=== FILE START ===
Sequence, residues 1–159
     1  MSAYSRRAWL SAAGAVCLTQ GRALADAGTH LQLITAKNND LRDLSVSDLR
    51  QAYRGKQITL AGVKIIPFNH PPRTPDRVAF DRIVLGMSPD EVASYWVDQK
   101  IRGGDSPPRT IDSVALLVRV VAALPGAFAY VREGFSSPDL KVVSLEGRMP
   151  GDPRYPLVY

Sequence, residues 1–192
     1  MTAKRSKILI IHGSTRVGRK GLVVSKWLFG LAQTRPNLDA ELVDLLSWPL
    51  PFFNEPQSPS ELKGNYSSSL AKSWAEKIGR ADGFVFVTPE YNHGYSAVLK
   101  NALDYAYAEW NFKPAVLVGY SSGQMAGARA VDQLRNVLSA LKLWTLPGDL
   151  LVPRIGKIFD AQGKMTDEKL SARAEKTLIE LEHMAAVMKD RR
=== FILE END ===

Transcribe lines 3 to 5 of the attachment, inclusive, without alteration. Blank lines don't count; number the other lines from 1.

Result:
    51  QAYRGKQITL AGVKIIPFNH PPRTPDRVAF DRIVLGMSPD EVASYWVDQK
   101  IRGGDSPPRT IDSVALLVRV VAALPGAFAY VREGFSSPDL KVVSLEGRMP
   151  GDPRYPLVY